Table of Contents
- くて for Linking Words like "And"
- くて for Linking Words like "So"
- くて for Linking Clauses
- Other Forms of い-Adjectives
くて for Linking Words like "And"
Changing an い-adjective into its て form is all about joining words together. It's kind of like a built-in "and" that attaches itself to the い-adjective. But wait! You may have learned that "and" is expressed using the particle と in Japanese. It is - but its use is somewhat limited. Let's begin our discussion with a quick refresher on how と works.
- I ate an apple and a banana.
In the sentence above, the two nouns りんご (apple) and バナナ (banana) are linked with particle と, just like "and" does in English. If we want to express "and" with two い-adjectives however, we cannot use と. Why is this? The reason is simple: い-adjectives can be conjugated to show an "and" relationship between them. To show grammatical relationships like "and" in Japanese, we always prefer to conjugate words if we can, rather than add new ones. For this reason, it's ungrammatical to use と with an い-adjective. Let's see how to conjugate an い-adjective using 甘い (sweet) and 美味しい (delicious) as an example:
- This cake is sweet and delicious.
In the example above, the two い-adjectives, 甘い (sweet) and 美味しい (delicious), both describe the cake. In order to form a simple adjective phrase like "sweet and delicious" in Japanese, the first adjective in the pair must change its shape from 甘い to 甘くて. Click the link to read more about conjugating into the て form.
くて for Linking Words like "So"
In some contexts, the connection between the first and second adjective can be more like "so" than "and." Our example sentence from above, このケーキは甘くて美味しい, could also be understood as "This cake it sweet, so it's delicious." The meaning of the adjective て form depends solely on context. Let's compare two more sentences to make this distinction a little clearer.
- That restaurant is cheap and delicious.
- This cafe is comfortable, so I like it.
In the first sentence, there is an "and" relationship between the two adjectives, 安い (cheap) and 美味しい (delicious). The low cost of the food isn't the reason for its tastiness, it simply is both cheap and tasty. The second sentence, on the other hand, is an example of a "so" relationship between the two adjectives, 居心地がいい (comfortable) and 好き (favored). I like the cafe because it is comfortable. In most cases, the relationship between the words will be clear from their meaning or the context in which the sentence occurs.
くて for Linking Clauses
So far, we've seen how the て form can be used to link two adjectives together into a phrase. Next, let's take a look at how this structure can help us to link two sentences together. In the next example, we will combine the following sentences into one, larger compound sentence:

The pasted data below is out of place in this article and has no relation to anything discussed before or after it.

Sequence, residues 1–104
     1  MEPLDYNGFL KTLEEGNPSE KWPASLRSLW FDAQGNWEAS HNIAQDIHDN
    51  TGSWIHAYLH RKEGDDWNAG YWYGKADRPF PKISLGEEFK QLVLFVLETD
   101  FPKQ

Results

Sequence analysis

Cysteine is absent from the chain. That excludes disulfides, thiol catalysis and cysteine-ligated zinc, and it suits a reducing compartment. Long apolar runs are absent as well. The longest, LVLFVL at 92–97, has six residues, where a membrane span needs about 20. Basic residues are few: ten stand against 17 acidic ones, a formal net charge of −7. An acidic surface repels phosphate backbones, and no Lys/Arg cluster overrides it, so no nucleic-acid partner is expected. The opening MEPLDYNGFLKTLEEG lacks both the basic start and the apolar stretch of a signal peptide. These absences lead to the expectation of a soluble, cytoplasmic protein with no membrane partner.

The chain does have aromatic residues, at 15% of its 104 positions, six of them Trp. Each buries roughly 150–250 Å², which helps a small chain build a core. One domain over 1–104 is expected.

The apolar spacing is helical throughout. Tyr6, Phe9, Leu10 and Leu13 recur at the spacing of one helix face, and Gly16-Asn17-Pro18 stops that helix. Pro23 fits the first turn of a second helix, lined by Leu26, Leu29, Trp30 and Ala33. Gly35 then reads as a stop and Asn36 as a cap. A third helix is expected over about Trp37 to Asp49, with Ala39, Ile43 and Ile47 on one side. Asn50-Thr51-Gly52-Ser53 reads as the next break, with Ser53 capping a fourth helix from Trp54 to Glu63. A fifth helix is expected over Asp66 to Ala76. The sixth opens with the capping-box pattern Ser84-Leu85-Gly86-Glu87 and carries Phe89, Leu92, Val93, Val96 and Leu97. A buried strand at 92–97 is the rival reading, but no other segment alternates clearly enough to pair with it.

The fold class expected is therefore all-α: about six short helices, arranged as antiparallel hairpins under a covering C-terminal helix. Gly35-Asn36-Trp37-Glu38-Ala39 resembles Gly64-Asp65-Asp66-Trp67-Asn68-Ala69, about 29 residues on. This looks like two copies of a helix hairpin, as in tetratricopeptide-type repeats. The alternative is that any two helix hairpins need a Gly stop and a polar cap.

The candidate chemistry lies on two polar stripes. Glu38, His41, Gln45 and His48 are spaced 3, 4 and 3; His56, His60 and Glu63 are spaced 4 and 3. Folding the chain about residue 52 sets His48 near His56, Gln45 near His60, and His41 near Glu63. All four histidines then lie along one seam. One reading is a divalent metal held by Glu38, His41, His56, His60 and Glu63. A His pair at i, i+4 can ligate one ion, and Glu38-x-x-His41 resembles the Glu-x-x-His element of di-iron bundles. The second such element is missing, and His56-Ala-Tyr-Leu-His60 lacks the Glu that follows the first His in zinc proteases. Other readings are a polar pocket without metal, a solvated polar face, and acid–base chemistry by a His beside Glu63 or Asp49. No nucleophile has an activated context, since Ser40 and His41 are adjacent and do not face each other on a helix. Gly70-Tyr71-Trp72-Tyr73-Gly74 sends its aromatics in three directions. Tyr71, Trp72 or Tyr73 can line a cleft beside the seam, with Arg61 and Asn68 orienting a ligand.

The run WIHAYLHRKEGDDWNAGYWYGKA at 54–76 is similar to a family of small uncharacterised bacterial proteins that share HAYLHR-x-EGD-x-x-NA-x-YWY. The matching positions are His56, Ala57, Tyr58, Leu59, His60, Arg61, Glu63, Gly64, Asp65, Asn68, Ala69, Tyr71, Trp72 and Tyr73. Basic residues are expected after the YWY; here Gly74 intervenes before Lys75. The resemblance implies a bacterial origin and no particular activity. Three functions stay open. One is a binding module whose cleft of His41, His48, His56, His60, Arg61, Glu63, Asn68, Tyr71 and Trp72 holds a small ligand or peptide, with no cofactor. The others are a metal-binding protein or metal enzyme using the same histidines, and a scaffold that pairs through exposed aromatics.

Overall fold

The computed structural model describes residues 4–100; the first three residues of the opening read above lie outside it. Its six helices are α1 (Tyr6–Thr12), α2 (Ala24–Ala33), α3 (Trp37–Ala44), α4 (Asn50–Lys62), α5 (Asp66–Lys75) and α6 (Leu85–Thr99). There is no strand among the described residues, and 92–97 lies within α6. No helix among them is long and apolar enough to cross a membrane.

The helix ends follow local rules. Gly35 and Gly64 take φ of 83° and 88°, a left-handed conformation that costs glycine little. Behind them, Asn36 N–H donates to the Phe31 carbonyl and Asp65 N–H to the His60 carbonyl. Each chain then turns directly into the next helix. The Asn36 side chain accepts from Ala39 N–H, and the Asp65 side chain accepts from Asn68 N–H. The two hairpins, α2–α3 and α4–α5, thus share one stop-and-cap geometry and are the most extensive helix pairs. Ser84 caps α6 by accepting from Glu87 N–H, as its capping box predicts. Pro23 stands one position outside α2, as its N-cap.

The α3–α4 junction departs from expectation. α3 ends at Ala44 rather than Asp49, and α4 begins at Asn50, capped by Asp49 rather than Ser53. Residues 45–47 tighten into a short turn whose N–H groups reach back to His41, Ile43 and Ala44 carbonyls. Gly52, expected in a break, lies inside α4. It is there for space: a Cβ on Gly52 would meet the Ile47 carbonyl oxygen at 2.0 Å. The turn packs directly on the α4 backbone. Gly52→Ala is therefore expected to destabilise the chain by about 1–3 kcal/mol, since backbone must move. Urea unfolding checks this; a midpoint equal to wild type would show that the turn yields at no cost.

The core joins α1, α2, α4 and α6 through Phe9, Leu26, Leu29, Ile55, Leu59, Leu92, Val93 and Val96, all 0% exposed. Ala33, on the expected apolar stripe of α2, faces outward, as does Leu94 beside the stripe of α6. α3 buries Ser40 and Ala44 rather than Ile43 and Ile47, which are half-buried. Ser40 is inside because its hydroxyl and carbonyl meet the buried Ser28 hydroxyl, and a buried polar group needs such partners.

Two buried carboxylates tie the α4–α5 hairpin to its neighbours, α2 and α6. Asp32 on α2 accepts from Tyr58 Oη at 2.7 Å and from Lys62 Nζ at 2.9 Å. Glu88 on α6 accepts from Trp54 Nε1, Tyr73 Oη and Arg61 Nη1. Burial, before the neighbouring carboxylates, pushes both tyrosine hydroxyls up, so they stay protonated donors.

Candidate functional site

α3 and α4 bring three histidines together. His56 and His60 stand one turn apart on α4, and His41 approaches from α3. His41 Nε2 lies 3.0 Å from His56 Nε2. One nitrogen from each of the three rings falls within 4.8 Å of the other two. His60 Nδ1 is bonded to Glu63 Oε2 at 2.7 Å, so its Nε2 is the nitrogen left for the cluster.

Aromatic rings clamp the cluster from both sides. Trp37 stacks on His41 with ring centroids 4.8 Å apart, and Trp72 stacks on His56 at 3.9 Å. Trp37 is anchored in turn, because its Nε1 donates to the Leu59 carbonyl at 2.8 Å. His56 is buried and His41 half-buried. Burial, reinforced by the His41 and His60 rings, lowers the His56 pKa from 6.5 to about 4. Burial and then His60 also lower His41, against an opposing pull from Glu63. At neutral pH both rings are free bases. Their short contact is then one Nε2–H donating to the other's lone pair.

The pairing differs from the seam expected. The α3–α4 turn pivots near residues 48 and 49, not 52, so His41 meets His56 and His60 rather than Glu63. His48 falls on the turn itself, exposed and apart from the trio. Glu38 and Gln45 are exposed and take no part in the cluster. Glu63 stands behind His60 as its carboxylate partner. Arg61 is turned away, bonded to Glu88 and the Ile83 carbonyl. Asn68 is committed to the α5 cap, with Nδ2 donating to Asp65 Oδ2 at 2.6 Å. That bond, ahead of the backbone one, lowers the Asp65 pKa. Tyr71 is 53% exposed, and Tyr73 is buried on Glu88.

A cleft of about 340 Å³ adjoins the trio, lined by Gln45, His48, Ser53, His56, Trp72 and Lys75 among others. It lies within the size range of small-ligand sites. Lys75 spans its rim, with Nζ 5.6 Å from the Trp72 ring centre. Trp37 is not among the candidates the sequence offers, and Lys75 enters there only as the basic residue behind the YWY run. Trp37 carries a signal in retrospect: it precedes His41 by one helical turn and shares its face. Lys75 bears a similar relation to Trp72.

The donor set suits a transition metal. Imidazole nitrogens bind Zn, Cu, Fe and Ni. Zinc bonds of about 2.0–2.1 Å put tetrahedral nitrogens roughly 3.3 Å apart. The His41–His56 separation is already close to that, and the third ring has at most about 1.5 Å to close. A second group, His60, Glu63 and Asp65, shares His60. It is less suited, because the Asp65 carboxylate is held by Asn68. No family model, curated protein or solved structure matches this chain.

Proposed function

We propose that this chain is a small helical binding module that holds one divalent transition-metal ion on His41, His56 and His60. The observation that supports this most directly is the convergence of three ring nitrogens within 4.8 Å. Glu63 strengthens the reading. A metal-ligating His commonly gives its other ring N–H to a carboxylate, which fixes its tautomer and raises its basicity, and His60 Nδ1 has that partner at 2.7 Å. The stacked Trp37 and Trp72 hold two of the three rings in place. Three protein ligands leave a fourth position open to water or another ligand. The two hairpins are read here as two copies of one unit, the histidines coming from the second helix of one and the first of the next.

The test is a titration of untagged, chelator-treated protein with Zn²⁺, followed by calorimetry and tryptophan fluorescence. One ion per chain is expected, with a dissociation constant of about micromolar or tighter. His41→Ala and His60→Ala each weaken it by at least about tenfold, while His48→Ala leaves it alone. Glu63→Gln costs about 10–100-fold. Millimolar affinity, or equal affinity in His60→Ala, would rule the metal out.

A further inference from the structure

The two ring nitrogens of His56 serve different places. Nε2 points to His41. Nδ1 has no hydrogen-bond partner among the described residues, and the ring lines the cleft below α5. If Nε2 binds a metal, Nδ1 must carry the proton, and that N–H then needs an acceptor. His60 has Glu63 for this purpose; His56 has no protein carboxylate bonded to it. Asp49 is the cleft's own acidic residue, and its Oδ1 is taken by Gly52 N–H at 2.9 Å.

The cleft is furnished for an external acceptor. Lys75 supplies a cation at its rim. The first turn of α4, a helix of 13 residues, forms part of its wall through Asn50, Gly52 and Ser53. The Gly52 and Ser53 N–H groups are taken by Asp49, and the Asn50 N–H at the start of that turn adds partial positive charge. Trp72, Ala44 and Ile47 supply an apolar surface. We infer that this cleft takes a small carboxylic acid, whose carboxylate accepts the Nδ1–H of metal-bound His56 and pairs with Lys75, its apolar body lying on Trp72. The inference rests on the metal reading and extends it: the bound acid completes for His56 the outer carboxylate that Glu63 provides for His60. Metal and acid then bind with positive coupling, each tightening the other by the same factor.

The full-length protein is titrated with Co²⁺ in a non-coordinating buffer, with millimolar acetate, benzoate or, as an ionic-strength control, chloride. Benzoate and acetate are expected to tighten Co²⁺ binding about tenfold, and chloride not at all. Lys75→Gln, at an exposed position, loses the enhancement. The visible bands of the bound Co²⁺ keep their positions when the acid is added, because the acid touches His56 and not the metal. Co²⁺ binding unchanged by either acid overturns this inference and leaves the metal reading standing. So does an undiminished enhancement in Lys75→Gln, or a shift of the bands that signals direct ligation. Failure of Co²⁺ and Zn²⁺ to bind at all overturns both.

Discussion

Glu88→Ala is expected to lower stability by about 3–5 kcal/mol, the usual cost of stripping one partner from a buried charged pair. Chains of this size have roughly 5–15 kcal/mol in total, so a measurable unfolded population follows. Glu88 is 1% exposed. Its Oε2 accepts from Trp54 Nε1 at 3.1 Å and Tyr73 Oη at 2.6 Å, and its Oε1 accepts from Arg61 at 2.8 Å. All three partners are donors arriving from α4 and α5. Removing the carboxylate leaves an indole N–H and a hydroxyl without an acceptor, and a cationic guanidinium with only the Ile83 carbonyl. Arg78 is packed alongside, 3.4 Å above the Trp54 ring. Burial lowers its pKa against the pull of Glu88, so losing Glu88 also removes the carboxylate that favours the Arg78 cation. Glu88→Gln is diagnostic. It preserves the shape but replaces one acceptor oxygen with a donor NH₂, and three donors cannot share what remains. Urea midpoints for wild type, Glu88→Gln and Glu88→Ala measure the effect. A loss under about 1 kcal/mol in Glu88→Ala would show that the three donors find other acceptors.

- Last year was very warm.
- There was little rain.
To combine these sentences, we will follow a similar process as before. To begin, we change the い-adjective ending of the first sentence (暖かった) to its て form. Since the adjective 暖かった is in the past tense, it may be helpful to first change the adjective back to its present tense form first (暖かい). For more info on how to do that, click here. Once we have 暖かい, we can follow the two steps outlined above: replace the い with く (暖かい→暖かく) and then add て (暖かくて). Now the sentences are ready to stick together.
- Last year was very warm, and there was little rain.
Just like we discussed with short phrases, い-adjectives in their て form can also create a "so" relationship when combining two sentences. Let's examine an example of this.
- There was little snow last year, so I couldn't ski very much.
In this example, the fact that there was little snow last year (去年は雪が少なかった) is the reason why I couldn't ski very much (あまりスキーが出来なった). Do you notice anything else that differs between the two sentences? The first sentence, which has an "and" relationship between the two parts, uses a comma (or「てん」 in Japanese) to separate the clauses. In the second sentence, which contains a "so" relationship, there is no comma. This is a general writing style rule in Japanese, but is not always strictly followed.
Let's wrap this up with one last observation about combining clauses in Japanese and English. When two clauses are combined with an "and" or "so" in English, the past tense is expressed in both. In Japanese, the tense is only indicated by the second clause, in other words the end of the entire combined sentence. This is shown by the 〜かった ending on the い-adjective 少なかった and the verb 出来なかった.
Other Forms of い-Adjectives
Check out the chart below to see how 〜くて fits into the い-adjective paradigm. Click on other conjugations or forms to learn more about them!
|て Form||強くて||strong, (and)|
|Present Tense Form||強い||is-strong|
|Past Tense Form||強かった||was-strong|
|Past Negative Form||強くなかった||was-not-strong|
|Conditional Form||強ければ||if strong...|
|Measurable Noun Form||強さ||strength|
|Subjective Noun Form||強み||strong point|